The clutch programming is a key aspect of drag racing, too conservative and the run is slower than the competition, too aggressive and the tires spin. The rules for drag racing in these classes do not allow electronic based traction control, but I don't know if the rules allow for rev limiters to limit rpms during the early part of a run when the clutch is slipping a lot.

    For other classes like pro stock cars and pro stock motorcycles, there are two rev-limiter settings, one while staged just before launch, and then max rpm setting for the actual run, and the driver controls the clutch. The clutches may be setup to slip a bit for the initial launch (I'm not sure about this).

    Youtube video on top fuel clutches:

     
    Last edited: May 22, 2015
  11. May 22, 2015 #10

    billy_joule

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    Interesting. Is the driver allowed to steer the car? Or is that taken care of too? :biggrin:
     
  12. May 22, 2015 #11

    rcgldr

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    There's a staging brake that holds the car in place once it's staged (the front tires blocking the second staging beam of light), so the driver just hits the throttle (for some classes of drag racing, a switch to disengage the staging brake is used), and hopes to keep the car pointed forward with steering inputs. For top drag classes, the drag race starter flips a switch to turn on the yellow lights (all of them at once), and the driver has to react quickly, but not too soon so that the front tires do not clear the second staging beam (about 12 to 18 inches traveled) before 4/10ths of a second for the top classes, and 5/10th's of a second for lower classes, otherwise it's a red light (disqualification). For some lower class events, the yellow lights turn on sequentially, so the driver is mostly timing the sequence of lights rather than quickly reacting to lights just turned on all at once.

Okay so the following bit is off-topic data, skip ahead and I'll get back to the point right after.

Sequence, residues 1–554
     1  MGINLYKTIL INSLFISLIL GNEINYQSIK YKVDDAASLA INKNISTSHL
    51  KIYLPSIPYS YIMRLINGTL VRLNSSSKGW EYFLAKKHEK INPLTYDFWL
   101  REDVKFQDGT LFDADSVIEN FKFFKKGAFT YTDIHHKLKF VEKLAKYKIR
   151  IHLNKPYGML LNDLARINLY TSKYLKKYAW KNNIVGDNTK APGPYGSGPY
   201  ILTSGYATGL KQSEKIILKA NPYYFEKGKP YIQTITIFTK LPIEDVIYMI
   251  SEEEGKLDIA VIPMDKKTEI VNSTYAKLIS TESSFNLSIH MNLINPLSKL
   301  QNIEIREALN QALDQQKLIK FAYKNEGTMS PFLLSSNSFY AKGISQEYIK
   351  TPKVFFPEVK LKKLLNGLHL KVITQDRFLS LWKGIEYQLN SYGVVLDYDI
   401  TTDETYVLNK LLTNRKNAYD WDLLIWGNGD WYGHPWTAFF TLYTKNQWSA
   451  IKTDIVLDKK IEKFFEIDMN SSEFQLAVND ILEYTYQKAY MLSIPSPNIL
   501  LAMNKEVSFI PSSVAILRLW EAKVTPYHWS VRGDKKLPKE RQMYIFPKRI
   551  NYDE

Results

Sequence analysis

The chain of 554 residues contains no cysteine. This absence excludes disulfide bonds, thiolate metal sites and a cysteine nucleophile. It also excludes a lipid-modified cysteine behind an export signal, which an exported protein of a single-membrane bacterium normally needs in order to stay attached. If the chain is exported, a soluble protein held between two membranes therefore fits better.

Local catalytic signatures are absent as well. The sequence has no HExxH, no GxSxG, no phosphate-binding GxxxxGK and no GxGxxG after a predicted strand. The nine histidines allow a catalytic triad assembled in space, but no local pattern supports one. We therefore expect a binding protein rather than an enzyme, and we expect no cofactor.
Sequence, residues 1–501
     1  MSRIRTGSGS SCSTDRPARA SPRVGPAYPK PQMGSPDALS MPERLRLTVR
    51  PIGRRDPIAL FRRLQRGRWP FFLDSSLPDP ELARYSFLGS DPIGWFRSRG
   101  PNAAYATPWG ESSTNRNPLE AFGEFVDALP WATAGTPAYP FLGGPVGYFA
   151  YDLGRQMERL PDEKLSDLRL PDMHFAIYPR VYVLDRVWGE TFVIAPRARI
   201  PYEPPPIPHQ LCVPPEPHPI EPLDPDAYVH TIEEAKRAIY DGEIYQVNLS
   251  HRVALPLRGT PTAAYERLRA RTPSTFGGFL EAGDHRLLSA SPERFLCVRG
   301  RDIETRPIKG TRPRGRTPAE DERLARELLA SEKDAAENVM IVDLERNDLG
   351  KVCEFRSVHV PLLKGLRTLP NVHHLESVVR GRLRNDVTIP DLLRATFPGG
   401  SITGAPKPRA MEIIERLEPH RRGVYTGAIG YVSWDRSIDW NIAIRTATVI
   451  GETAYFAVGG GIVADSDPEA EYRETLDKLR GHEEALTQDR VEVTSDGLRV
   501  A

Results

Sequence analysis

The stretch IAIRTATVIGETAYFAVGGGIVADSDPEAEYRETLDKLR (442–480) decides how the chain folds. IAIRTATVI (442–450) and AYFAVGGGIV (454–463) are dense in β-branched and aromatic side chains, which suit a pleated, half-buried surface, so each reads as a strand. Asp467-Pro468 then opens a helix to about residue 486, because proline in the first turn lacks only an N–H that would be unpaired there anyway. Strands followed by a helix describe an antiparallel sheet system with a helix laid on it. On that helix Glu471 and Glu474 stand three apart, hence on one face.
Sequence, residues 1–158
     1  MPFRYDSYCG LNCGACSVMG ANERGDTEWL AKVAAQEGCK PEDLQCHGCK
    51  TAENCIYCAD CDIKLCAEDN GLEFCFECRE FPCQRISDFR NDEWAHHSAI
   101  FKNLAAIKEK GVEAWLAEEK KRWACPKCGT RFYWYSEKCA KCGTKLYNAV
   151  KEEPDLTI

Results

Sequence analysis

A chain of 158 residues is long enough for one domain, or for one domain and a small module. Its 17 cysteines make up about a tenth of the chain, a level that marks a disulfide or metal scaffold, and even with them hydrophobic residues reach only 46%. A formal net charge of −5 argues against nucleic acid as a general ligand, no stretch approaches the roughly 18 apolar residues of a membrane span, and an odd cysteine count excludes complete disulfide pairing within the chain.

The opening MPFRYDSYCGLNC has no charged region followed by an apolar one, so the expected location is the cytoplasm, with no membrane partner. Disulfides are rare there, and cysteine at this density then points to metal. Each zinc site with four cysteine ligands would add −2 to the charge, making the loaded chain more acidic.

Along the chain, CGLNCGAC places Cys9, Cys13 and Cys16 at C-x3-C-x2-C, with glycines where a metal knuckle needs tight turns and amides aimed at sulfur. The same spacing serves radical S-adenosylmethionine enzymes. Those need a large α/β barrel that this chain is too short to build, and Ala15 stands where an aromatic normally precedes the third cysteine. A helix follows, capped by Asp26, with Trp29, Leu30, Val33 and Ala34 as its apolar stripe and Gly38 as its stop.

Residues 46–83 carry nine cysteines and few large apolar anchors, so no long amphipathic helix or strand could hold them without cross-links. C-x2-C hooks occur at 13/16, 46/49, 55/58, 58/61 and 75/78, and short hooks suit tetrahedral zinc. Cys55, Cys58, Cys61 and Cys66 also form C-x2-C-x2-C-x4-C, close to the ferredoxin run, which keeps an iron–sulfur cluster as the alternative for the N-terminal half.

13. May 22, 2015 #12

    SteamKing

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    If you make a big enough wheel, you can do a quarter mile in less than a second. However, it takes a lot more torque to get a 35-ft diameter wheel turning than a couple of wheels which are only 36" in diameter.